• Chemistry: CuPbSbS3, Copper lead antimony sulfide
  • Class: Sulfides
  • Subclass: Sulfosalts
  • Uses: minor ore of lead and copper and as a mineral specimen
  • Specimens

Bournonite is also called "cog wheel ore" because of the cog wheel shape that the twinned crystals form. Twinning is common in bournonite and if a crystal repeatitively twins it can form a type of twin called a trilling. The trilling is composed of four "twins" or crystals connected in a plane and forms a wheel with a jagged edge that resemble the teeth of a cog wheel. Not all specimens show this type of twinning however.


  • Color is silver gray or black.
  • Luster is metallic.
  • Transparency crystals are opaque.
  • Crystal System is orthorhombic; 2/m2/m2/m
  • Crystal Habits include tabular to prismatic crystals. Twinning is common and if repeated forms flat wheel shaped crystals called cog wheels. Also massive and granular.
  • Cleavage is poor in one direction.
  • Fracture is subconchoidal.
  • Hardness is 2.5 - 3
  • Specific Gravity is approximately 5.8 (above average for metallic minerals)
  • Streak is black.
  • Associated Minerals are siderite, fluorite, galena, sphalerite, calcite and pyrite.
  • Other Characteristics: although the luster can be bright, bournonite develops a dull tarnish. Crystals are usually striated on their sides which produces the "teeth" of the cog wheel.
  • Notable Occurrences include England; California, USA; Mexico; Peru and Australia.
  • Best Field Indicators are crystal habit (especially twinning), color and density.
BOURNONITE specimens:
(hover for more info)
BOURNONITE specimen bou-1
$ 65.00
Dims: 2-1/2" x 2" x 1"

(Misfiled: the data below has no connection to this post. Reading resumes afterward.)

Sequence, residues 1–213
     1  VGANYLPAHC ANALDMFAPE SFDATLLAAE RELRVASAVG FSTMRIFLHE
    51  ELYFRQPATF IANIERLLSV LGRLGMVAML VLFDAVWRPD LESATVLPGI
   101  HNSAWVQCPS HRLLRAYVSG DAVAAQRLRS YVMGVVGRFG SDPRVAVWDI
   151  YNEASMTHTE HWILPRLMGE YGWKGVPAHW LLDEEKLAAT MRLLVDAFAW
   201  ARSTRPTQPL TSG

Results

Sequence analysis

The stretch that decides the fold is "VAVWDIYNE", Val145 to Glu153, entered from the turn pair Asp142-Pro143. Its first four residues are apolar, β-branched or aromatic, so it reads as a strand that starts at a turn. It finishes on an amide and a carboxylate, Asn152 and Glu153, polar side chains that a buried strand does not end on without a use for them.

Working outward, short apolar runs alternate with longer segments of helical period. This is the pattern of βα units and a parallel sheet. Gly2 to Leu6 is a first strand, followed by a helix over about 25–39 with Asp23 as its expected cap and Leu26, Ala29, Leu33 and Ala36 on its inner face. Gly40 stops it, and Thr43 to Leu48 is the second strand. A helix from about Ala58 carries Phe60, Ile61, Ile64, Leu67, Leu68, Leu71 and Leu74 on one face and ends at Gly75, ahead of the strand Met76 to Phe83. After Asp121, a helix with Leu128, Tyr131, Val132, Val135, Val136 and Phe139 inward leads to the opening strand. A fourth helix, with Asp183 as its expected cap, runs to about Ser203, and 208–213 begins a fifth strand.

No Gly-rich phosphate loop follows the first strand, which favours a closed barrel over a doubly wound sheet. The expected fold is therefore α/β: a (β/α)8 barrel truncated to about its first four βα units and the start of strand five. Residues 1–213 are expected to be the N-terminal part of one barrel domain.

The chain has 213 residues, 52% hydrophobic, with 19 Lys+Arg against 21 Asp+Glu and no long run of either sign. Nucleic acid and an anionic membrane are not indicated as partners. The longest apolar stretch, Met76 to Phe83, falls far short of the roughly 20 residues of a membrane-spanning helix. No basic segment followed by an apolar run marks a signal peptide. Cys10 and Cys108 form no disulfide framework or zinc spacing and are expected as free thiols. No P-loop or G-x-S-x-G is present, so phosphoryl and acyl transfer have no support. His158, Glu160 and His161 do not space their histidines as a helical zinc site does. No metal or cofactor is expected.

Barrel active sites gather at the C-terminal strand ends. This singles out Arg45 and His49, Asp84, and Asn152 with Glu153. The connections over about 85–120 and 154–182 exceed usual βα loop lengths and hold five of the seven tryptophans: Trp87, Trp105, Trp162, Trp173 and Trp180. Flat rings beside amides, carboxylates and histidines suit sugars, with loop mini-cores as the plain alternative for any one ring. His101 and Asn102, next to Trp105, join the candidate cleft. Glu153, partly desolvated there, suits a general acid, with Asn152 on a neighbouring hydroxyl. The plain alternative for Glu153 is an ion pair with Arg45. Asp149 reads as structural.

Wt: 7.9 oz
Pachapaqui Mine, Ancash, Peru
This potpourri of metal sulfide minerals includes Bournonite, a rather rare lead, copper, and antimony sulfide, along with Sphalerite, Pyrite, Quartz, and Mangano-Calcite, a calcium and manganese carbonate mineral. They occur in clusters up to 1/2 inch long and in pseudo-cubic crystals about 1/8 inch in diameter. The crystals are of very good quality, if a little small, and the specimen was separated from the host rock in such a way as to leave a good, flat base for steady display without a stand.
no photo
bou-1 ($ 65.00)
Pachapaqui Mine, Ancash, Peru
BOURNONITE specimen bou-2
$ 125.00
Dims: 4-1/2" x 3" x 2"
Wt: 17.1 oz
Pachapaqui Mine, Ancash, Peru
The Bournonite that is littered all over this specimen are of reasonably good quality, with clusters of 1/4 inch crystals that approach the "cog-wheel" formation without actually getting there. Pyrite, Quartz, and Mangano-Calcite, a calcium and manganese carbonate mineral all accompany to set up a very tasteful mineralogical quartet.
no photo
bou-2 ($125.00)
Pachapaqui Mine, Ancash, Peru
BOURNONITE specimen bou-3
$ 97.00
Dims: 4-1/2" x 3-3/4" x 1-1/2"
Wt: 1 lb., 4 oz
Pachapaqui Mine, Ancash, Peru